Not all the sessions at Civo Navigate were technical in nature, but all shared ways to better manage our deployments.  Such as the case with "The Show Must Go On: High Availability & Zero Downtime in Kubernetes" from Joshua Cassin, Product Management Lead at

Before he joined the tech world, Joshua worked behind the scenes in showbiz. He described it as spending two decades plugging in chords, but it taught him much about uptime and resiliency. He laid out multiple lessons he learned while running sound equipment at large entertainment venues but found they could also be applied directly to managing Kubernetes at scale.

Just like with live music, our applications need to work when people expect the show to go on; that is when they try to use the app. He said he learned that redundancy is key to ensuring your app is available. We must also practice for when things go wrong, so when we do need to troubleshoot in real-time, we can do so with less stress and better results. He also said we need to embrace mentorship and better training, as sharing our stories of going through issues can help us all prepare for the unexpected. 

"The Show Must Go On: High Availability & Zero Downtime in Kubernetes" from Joshua Cassin from
"The Show Must Go On: High Availability & Zero Downtime in Kubernetes" from Joshua Cassin from

Better understanding SBOMs and PURLs

In his talk "The Problems with SBOMs — And How to Fix Them, "Cortez Frazier Jr., Sr. Product Manager at FOSSA, laid out the most important elements that comprise a Software Bill Of Materials and what most commonly goes wrong. He pointed to Log4J as a major motivator for the rapid evolution and adoption of this standard way to report on what your software contains. During that security incident, he painfully ran regex against hundreds of repos, trying to determine what needed to be patched. He said a properly maintained SBOM would have made his life a lot easier.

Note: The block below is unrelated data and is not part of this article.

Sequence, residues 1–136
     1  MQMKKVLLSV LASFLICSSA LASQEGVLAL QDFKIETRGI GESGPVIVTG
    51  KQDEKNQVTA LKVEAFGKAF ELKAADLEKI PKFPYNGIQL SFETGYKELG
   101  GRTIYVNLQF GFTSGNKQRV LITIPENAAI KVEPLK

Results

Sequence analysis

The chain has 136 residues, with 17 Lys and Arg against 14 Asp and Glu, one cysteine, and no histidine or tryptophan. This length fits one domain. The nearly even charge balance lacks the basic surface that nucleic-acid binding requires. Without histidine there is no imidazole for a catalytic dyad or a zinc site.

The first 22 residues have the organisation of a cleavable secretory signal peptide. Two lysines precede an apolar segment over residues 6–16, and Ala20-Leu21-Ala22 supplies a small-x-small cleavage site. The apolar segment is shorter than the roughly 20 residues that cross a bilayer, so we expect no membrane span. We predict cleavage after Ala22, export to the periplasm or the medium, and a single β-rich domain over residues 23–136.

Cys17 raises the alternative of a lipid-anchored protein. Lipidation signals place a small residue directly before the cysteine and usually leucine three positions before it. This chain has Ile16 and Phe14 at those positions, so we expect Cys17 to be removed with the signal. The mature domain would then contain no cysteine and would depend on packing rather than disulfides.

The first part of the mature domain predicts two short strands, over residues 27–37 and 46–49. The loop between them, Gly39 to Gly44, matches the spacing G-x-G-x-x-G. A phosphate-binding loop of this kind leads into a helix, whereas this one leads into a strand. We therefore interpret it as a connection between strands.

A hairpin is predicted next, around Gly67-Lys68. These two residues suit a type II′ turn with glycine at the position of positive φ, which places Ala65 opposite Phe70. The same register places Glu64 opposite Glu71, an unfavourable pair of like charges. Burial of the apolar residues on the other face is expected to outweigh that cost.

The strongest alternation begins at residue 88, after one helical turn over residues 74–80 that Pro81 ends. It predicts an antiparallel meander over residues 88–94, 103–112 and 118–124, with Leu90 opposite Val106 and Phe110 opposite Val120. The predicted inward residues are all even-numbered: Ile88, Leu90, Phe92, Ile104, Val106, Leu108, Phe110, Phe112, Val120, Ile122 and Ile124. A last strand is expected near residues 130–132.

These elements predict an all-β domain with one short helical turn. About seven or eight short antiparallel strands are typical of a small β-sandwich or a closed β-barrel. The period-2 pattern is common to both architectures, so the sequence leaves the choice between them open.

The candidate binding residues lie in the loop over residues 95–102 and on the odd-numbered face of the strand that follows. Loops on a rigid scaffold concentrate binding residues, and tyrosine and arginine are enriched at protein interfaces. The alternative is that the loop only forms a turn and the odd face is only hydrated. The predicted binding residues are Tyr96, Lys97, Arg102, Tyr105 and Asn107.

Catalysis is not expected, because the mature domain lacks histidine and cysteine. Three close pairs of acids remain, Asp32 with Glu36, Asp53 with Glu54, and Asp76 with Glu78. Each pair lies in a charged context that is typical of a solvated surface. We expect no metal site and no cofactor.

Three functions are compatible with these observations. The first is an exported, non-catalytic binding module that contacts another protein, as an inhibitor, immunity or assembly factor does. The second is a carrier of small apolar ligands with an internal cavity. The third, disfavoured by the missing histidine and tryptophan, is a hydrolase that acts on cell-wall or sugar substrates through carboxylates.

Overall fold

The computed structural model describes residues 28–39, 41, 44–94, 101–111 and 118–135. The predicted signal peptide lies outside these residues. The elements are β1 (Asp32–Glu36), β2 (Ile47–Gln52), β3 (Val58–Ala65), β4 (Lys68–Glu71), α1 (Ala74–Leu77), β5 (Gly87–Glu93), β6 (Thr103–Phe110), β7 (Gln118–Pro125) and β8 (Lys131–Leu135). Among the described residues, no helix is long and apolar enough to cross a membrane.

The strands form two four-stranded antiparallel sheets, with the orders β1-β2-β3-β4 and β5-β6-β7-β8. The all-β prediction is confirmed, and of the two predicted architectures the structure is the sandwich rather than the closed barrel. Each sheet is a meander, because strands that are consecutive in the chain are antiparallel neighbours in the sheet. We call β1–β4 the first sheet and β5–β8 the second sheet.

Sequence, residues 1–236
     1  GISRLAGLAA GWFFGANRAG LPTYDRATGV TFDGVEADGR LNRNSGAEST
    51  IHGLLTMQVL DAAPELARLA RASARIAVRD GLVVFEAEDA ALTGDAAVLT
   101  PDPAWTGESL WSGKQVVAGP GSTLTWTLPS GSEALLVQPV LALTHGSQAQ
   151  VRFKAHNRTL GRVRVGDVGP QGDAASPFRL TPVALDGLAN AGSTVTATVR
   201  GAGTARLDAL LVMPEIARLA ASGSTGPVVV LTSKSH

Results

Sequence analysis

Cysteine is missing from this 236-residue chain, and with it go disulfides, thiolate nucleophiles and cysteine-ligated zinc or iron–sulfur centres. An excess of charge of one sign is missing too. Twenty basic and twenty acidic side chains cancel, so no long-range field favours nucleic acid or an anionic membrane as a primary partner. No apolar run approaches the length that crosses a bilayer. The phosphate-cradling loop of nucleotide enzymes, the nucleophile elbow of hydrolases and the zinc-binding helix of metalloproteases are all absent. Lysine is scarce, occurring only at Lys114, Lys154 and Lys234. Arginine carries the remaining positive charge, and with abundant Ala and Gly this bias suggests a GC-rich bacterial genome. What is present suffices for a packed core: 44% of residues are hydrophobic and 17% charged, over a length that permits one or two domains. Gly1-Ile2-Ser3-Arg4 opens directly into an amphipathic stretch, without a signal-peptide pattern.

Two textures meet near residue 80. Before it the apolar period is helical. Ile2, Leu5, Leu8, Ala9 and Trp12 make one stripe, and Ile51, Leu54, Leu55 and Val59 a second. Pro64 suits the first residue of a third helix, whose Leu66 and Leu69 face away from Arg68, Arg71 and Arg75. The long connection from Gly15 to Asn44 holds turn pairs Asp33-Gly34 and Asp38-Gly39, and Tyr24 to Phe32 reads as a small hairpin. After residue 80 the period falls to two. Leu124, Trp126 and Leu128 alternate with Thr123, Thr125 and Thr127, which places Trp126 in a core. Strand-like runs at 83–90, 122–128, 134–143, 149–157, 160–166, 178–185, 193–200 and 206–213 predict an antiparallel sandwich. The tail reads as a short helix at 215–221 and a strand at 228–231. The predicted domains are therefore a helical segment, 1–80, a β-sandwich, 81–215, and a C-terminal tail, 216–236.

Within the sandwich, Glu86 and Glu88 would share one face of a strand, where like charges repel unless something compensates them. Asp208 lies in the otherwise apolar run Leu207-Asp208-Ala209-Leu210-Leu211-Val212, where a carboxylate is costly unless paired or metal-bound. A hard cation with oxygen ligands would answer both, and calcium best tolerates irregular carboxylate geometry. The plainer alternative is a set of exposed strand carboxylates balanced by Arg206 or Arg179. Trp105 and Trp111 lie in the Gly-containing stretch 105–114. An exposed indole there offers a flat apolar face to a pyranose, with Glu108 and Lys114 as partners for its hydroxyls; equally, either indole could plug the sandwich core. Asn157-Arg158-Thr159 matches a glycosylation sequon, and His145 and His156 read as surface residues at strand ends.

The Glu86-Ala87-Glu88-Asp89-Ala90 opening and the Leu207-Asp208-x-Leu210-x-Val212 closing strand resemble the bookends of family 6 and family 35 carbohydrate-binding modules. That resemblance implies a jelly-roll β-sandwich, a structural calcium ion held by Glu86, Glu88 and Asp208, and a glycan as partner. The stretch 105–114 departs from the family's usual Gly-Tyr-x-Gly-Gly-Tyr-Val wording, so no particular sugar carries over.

After walking us through the history of SBOMs and their importance from a software consumer and buyer perspective, he pointed out the most common issue he sees as he helps organizations adopt them. First among these issues was data normalization, as all the standards are for the report format, not the data fields within. For example, the Author and Supplier fields are ultimately defined by each organization and can mean different things between reports.

Cortez said one of the most important elements in any SBOM is the Package URL, commonly shortened to PURL. This needs to lead to a working repository or package at all times and employ a proper namespace. This is the only way an element can be independently verified, which is critical for SBOMs to be useful. He concluded by urging us all to think about how we share and store our SBOMs, as they should be secured, just like our code and other private information.

"The Problems with SBOMs — And How to Fix Them" from Cortez Frazier Jr.

A wider community of communities

One of the best aspects of Civo Navigate is that it brought together a number of communities in the Austin area. On one slide from day two, opening remarks, they showed 8 different community logos represented as part of the event, including DevOpsDays Austin and Austin Women in Technology. I was able to speak about OWASP, giving an updated version of my introduction to the community and the many projects they offer.

Community is vital for us to improve our practices and security. It definitely can help us feel less isolated, sharing our experiences and voicing our frustrations together. No matter what community you belong to or where you are on your security journey, GitGuardian wants to work with you to help make 'shifting left' easier when it comes to secrets security. In the ever more complex world of evolving threats, we would love to help you get some peace of mind for your repos.

If you see anyone from GitGuardian at an event near you, stop by and say hello; we would love to hear from you. Maybe we will even see you at an upcoming Civo Navigate.